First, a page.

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Articles : Web Development Using the Ruby on Rails
on 2008/7/27 23:54:31 (1968 reads)
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We have a ContractsController with an action 'destroy'. Obviously this action deletes a certain contract. Lets presume there is a form on a Web page that lets the user delete a contract by pressing a DELETE button. The action 'destroy' starts with looking up the contract to delete using the Contract model: Contract.find_by_number(params[:number]).

The Contract model seems to have a method with the name of the column of interest, 'number' in it. How is it possible? Well, just like Rails adds attributes to the model class based upon the names of the columns of the table it belongs to, it also adds 'find_by_' methods for each column name. As with the automatically added attributes, it doesn't matter if you decide to rename a database column later on, since all this code is added by Rails at runtime. You never have to maintain this generated code! See how Rails gives you a powerful framework to work and yet doesn't require you to write much code?

Back to our example, after the contract is retrieved, it is removed from the database by calling the method 'destroy', nothing earth-shocking there. The next line is something we have not seen before: redirect_to 'show'. In the previous example, we assumed we wanted to render the loaded information, but in this case we didn't load any information, quite the opposite even! We want to show the user an overview of all remaining contracts after the user deletes one. We will add a separate action 'show' for that. This method can be used by visiting the url 'http://www.myrailsapp.com/contracts/show'. The 'redirect_to' statement lets Rails execute the 'show' action immediately after executing the 'destroy' action. The 'show' action doesn't state anything explicitly after loading all the contracts so it assumes it needs to render a Web page (located in /views/contracts/show just like in the employee example). We could explicitly say to render a Web page if we wanted to by saying: render 'show'.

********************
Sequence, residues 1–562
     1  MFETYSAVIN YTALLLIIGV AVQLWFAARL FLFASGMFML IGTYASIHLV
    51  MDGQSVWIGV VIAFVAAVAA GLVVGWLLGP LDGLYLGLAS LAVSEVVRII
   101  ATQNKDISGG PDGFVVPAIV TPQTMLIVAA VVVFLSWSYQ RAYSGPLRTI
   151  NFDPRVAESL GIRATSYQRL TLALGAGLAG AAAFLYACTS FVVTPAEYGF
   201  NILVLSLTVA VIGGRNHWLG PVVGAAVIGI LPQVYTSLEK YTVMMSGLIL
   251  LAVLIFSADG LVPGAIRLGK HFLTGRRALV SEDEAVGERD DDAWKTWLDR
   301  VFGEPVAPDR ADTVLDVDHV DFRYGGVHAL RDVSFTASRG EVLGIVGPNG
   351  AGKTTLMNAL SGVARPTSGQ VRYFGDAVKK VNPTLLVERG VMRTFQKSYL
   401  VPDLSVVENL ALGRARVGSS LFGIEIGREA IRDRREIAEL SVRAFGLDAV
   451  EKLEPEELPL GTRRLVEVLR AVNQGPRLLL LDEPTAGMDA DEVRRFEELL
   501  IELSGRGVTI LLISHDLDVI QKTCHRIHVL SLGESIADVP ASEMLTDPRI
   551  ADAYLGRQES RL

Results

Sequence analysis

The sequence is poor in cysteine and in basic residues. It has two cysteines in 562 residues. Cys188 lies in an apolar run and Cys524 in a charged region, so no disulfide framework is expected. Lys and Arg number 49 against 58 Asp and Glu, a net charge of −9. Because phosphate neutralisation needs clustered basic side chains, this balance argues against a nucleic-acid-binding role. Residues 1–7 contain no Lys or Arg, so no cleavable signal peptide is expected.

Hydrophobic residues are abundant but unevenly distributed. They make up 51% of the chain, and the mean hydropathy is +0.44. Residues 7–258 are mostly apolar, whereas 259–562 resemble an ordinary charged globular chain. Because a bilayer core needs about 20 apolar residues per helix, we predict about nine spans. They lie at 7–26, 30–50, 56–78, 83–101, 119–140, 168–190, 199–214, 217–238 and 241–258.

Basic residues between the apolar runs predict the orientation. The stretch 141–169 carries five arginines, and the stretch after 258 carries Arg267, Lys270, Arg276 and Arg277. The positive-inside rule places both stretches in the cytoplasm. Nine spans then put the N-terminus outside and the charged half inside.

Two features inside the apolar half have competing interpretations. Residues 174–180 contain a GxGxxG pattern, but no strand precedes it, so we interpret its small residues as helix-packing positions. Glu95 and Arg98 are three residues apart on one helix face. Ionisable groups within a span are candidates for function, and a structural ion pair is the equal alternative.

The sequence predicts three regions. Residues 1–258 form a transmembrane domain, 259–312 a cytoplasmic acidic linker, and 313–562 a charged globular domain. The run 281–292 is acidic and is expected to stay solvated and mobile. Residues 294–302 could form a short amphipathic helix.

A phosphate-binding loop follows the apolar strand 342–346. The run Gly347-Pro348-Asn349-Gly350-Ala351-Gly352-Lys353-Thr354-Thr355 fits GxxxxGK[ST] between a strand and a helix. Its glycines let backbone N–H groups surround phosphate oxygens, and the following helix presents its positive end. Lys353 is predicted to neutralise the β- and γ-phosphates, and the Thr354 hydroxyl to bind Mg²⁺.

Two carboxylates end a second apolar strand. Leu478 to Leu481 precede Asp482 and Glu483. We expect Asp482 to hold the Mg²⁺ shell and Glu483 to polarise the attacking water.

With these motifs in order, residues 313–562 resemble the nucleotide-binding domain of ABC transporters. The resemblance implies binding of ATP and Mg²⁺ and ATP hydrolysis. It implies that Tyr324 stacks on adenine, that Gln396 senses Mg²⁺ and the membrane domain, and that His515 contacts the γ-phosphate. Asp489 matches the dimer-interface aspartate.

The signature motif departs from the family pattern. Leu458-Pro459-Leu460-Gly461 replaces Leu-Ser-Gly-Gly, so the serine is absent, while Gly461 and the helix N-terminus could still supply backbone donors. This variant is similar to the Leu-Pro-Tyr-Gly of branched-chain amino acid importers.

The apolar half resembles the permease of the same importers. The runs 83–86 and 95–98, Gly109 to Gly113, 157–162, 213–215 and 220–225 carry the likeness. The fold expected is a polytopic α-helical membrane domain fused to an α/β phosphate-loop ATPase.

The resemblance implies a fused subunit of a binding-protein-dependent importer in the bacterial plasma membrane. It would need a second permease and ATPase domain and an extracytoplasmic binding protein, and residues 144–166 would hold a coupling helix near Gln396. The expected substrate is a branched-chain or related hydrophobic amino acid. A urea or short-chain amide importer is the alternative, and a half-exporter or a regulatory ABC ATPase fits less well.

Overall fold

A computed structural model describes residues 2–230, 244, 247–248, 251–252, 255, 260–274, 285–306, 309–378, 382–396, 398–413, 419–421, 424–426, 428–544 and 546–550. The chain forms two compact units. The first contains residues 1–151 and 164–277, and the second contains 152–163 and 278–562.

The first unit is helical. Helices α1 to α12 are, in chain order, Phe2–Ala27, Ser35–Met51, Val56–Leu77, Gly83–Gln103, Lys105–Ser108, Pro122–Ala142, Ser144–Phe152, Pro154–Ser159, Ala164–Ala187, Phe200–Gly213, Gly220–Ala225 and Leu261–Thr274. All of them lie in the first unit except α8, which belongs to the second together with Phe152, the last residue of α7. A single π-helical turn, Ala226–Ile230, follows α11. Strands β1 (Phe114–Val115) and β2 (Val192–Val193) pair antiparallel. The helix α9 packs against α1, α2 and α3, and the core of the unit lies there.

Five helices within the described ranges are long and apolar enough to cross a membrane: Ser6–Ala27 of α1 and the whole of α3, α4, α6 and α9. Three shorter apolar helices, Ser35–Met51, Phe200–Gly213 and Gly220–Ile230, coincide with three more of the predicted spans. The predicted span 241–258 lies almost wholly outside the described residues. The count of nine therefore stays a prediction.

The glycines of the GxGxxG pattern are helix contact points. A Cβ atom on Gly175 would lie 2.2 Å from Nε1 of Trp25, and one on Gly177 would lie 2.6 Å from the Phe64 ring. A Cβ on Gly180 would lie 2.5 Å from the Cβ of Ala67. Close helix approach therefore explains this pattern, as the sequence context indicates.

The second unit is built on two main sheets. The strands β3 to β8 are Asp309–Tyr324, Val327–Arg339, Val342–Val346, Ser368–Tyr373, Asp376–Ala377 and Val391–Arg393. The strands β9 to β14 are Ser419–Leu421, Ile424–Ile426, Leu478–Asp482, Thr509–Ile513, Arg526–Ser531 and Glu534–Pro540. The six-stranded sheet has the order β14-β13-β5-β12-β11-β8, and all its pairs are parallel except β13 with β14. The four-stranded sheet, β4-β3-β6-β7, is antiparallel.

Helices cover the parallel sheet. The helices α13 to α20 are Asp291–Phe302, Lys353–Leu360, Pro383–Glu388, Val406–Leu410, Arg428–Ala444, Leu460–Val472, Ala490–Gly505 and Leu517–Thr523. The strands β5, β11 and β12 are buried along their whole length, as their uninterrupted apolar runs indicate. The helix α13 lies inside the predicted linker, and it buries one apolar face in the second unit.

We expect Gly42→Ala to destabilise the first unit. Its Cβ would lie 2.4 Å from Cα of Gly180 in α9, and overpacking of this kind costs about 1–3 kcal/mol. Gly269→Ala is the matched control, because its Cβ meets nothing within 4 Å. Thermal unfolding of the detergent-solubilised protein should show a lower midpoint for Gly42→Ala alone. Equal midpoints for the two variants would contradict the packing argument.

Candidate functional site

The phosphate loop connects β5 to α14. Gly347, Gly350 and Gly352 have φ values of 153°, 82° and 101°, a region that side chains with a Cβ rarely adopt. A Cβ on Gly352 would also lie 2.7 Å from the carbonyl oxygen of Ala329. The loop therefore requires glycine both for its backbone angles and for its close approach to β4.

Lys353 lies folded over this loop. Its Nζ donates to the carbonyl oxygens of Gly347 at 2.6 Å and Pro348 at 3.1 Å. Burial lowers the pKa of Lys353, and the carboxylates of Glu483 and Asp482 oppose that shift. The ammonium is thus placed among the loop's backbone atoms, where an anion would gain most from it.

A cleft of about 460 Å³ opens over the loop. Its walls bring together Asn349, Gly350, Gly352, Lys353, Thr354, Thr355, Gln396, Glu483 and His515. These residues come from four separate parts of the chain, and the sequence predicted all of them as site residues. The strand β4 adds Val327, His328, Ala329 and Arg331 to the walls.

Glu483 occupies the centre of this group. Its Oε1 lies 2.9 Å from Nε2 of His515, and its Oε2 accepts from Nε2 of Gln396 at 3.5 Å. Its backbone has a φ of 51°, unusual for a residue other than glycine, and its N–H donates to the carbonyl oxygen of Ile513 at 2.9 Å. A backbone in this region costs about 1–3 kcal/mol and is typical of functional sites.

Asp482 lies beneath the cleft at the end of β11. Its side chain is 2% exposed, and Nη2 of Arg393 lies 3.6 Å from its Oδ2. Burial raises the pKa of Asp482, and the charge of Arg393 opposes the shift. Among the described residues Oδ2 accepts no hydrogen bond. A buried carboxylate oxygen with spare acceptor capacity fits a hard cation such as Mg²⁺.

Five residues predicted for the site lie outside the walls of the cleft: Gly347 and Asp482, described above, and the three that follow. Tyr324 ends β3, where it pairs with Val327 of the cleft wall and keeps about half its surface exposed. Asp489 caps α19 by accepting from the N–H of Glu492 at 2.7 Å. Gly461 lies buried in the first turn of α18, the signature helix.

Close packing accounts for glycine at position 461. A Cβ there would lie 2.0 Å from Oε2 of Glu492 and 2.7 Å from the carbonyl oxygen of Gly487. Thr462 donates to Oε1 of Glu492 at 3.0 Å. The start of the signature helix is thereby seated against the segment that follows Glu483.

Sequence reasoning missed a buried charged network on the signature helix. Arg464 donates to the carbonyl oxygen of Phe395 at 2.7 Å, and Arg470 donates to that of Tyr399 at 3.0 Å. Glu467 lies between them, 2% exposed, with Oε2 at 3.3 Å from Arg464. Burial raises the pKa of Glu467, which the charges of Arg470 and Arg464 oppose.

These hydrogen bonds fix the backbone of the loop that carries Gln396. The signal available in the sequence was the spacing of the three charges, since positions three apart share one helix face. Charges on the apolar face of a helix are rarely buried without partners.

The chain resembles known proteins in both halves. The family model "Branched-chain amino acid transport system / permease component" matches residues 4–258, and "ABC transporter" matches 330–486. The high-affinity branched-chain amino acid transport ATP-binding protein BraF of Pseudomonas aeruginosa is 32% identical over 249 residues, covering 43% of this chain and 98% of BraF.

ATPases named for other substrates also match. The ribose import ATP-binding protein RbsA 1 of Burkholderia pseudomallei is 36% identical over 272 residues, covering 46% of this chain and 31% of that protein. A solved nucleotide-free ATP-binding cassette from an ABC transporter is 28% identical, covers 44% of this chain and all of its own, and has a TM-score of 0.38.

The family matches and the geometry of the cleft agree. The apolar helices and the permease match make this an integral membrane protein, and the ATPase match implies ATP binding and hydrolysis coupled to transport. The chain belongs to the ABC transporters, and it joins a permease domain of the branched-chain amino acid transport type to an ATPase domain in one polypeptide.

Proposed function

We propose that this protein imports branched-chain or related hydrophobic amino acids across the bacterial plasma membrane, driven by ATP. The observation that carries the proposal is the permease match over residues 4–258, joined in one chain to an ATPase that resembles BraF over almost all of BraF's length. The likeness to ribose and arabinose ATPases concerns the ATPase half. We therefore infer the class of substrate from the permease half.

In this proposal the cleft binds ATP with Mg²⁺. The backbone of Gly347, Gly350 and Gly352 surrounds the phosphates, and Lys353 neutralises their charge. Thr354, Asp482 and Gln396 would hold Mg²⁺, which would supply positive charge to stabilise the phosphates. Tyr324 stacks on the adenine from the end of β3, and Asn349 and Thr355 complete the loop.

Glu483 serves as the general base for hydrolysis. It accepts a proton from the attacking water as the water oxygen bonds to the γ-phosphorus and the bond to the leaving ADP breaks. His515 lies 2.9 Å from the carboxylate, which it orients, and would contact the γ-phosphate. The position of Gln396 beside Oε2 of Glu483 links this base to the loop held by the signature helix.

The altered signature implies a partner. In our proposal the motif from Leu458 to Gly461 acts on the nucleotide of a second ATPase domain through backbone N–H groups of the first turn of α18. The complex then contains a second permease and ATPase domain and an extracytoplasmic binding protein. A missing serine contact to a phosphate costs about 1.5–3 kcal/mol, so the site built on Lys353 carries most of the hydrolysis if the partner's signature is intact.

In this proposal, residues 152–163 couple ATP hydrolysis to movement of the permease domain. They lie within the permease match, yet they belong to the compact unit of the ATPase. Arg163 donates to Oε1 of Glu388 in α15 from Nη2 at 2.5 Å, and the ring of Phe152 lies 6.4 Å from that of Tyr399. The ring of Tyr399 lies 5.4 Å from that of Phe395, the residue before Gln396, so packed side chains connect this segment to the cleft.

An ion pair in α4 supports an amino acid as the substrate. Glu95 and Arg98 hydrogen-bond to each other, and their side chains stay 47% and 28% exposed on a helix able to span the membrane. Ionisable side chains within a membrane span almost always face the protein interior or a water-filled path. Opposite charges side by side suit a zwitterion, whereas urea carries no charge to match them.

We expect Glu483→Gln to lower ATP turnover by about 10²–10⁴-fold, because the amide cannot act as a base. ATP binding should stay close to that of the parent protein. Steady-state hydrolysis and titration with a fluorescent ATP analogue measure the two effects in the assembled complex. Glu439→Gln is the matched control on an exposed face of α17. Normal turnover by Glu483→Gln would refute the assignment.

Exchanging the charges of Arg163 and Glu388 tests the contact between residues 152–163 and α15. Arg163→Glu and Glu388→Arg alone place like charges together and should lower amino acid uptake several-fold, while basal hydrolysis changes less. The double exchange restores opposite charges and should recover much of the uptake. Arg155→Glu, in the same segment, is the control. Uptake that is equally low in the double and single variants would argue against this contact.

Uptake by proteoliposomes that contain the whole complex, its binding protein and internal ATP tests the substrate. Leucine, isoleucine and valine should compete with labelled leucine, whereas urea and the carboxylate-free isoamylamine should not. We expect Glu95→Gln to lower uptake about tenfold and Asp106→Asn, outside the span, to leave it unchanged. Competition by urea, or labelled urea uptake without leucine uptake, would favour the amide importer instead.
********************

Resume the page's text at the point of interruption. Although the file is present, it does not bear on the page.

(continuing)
The View

Our ride through Rails is almost done, only the View layer is left. It can be found in the ActionView bundle and is the easiest one of the three. The View is comprised of all the rhtml pages found in the 'views' directory, as shown in the Controller examples. There is not much difference between a plain html file and a rhtml file, except that a rhtml file may contain small pieces of embedded Ruby code, called ERb.

Rails defines some helper methods for use on rhtml pages that make it easy to generate links, forms etc in your pages. There is also support for AJAX, that nifty JavaScript technology that lets you make Web pages that behave almost like a rich client. You can create typical AJAX effects, like submitting a form without refreshing the entire page, without even having to write any JavaScript yourself.

There is one other important thing to know about rhtml pages in Rails: it is possible to use a template system, called Layout. It would be really cumbersome if we would have to write each rhtml page beginning with the opening tag until the closing tag, especially given the fact that most pages will probably have a lot of html in common, for example a navigation bar. The template system takes care of this:


<%= yield %>

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